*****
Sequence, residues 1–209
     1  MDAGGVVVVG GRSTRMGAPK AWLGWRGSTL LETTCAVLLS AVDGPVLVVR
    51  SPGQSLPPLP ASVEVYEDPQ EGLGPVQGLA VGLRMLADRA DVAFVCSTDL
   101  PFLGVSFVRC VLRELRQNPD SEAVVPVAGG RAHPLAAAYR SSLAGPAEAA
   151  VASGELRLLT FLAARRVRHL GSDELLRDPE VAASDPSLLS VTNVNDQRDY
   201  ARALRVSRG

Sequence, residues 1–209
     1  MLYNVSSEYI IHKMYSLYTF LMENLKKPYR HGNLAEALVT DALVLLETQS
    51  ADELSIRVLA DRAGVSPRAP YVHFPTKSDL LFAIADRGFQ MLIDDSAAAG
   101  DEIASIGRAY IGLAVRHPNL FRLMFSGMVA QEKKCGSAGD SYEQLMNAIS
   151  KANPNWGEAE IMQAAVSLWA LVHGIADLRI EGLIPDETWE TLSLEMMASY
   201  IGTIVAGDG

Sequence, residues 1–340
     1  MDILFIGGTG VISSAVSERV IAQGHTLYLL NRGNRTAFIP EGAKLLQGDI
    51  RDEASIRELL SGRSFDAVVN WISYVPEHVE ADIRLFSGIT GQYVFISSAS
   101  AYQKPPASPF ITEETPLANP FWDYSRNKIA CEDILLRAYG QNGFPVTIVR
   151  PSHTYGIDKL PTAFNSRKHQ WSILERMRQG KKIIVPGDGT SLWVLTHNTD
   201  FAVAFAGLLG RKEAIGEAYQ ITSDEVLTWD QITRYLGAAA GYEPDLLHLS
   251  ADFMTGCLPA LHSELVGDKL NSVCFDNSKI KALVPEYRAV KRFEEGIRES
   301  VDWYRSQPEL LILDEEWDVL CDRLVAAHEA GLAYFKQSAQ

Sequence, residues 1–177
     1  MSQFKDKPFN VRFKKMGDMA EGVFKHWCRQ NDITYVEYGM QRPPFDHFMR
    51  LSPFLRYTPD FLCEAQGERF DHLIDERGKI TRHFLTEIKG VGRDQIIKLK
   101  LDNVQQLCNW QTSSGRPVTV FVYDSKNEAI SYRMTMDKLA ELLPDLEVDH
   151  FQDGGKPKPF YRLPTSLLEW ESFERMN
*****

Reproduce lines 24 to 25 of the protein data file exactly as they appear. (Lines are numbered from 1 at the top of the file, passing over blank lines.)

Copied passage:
   101  LDNVQQLCNW QTSSGRPVTV FVYDSKNEAI SYRMTMDKLA ELLPDLEVDH
   151  FQDGGKPKPF YRLPTSLLEW ESFERMN